FRIDAY, Feb. 2, 2018 (HealthDay News) — The presence of depressive symptoms among older adults undergoing transcatheter (TAVR) or surgical (SAVR) aortic valve replacement increases the risk of mortality, according to research published online Jan. 17 in JAMA Cardiology.
Laura M. Drudi, M.D., from Jewish General Hospital in Montreal, and colleagues assessed depressive symptoms in preplanned analysis of the Frailty Aortic Valve Replacement prospective cohort study (14 centers in three countries from Nov. 15, 2011, through April 7, 2016). Participants included individuals (mean age, 81.4 years) who underwent TAVR or SAVR aortic valve replacement.
Among 1,035 participants, the researchers found that 31.5 percent had a positive screening result for depression, but only 8.6 percent had depression documented in their clinical record. Baseline depression was associated with mortality at one month (odds ratio, 2.20) and at 12 months (odds ratio, 1.532), after adjusting for clinical and geriatric confounders. There was a three-fold increase in mortality at 12 months (odds ratio, 2.98) among participants with persistent depression (still present six months after the procedure).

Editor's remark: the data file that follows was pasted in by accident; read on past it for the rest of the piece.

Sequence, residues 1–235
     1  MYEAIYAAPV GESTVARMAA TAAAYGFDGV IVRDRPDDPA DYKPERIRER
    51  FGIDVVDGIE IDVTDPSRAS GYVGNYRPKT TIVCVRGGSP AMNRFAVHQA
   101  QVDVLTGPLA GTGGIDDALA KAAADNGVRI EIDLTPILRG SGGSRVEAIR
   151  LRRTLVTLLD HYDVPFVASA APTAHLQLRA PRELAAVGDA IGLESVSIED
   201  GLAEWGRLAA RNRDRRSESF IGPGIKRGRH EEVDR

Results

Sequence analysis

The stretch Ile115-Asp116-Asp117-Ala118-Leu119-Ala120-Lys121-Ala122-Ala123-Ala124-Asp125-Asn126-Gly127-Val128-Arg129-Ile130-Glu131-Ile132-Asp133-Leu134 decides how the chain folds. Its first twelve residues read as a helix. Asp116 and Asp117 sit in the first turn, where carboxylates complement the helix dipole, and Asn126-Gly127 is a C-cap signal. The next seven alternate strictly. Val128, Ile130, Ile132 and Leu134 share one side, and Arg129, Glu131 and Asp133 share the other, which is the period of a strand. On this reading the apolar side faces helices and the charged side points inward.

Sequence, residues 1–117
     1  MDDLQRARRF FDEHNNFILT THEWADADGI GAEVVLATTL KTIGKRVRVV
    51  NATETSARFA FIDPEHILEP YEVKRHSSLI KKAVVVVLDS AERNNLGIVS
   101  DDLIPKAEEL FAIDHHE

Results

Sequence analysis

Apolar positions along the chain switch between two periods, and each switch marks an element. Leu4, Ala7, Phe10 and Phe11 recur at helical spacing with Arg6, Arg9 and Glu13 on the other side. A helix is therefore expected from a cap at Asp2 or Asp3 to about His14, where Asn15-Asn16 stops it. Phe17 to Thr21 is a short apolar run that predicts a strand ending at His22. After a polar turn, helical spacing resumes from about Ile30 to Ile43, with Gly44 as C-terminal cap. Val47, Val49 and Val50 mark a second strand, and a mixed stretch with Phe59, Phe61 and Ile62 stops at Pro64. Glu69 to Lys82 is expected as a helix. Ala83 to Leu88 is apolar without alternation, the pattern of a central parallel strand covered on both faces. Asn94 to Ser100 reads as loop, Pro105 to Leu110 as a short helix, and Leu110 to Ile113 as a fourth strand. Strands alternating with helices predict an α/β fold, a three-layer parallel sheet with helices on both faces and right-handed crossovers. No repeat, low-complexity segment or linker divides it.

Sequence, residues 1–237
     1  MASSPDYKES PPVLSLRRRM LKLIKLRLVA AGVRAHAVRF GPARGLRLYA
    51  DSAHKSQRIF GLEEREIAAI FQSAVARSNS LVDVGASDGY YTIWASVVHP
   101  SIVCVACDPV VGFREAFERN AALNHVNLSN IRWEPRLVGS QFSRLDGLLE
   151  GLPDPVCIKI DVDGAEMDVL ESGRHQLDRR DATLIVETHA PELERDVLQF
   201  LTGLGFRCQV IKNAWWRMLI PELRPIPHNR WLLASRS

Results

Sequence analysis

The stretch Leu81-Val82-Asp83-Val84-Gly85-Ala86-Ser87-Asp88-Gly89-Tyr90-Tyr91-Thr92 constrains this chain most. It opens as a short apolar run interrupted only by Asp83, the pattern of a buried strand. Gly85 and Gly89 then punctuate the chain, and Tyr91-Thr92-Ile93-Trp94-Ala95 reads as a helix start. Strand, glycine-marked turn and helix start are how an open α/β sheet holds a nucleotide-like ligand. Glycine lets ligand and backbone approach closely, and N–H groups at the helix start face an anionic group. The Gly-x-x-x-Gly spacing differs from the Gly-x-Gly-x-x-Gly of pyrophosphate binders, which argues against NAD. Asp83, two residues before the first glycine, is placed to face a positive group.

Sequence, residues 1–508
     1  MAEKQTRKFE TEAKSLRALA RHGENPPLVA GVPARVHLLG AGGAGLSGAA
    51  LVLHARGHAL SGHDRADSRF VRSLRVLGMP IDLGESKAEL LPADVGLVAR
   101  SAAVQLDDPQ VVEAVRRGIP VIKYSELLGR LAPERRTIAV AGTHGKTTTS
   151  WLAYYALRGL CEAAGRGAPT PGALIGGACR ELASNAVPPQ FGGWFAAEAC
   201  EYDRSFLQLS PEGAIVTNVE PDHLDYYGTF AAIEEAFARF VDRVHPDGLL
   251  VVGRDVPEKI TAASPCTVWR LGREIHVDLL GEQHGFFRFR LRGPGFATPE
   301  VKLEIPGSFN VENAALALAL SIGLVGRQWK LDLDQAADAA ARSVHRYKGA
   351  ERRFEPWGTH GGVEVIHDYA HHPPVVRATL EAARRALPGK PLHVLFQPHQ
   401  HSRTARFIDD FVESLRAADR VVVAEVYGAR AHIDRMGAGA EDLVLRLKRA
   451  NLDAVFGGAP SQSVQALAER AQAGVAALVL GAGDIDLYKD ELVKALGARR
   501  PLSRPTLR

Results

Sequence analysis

“One in three older adults undergoing TAVR or SAVR had depressive symptoms at baseline and a higher risk of short-term and midterm mortality,” the authors write. “Patients with persistent depressive symptoms at follow-up had the highest risk of mortality.”
Several authors disclosed financial ties to the pharmaceutical industry.
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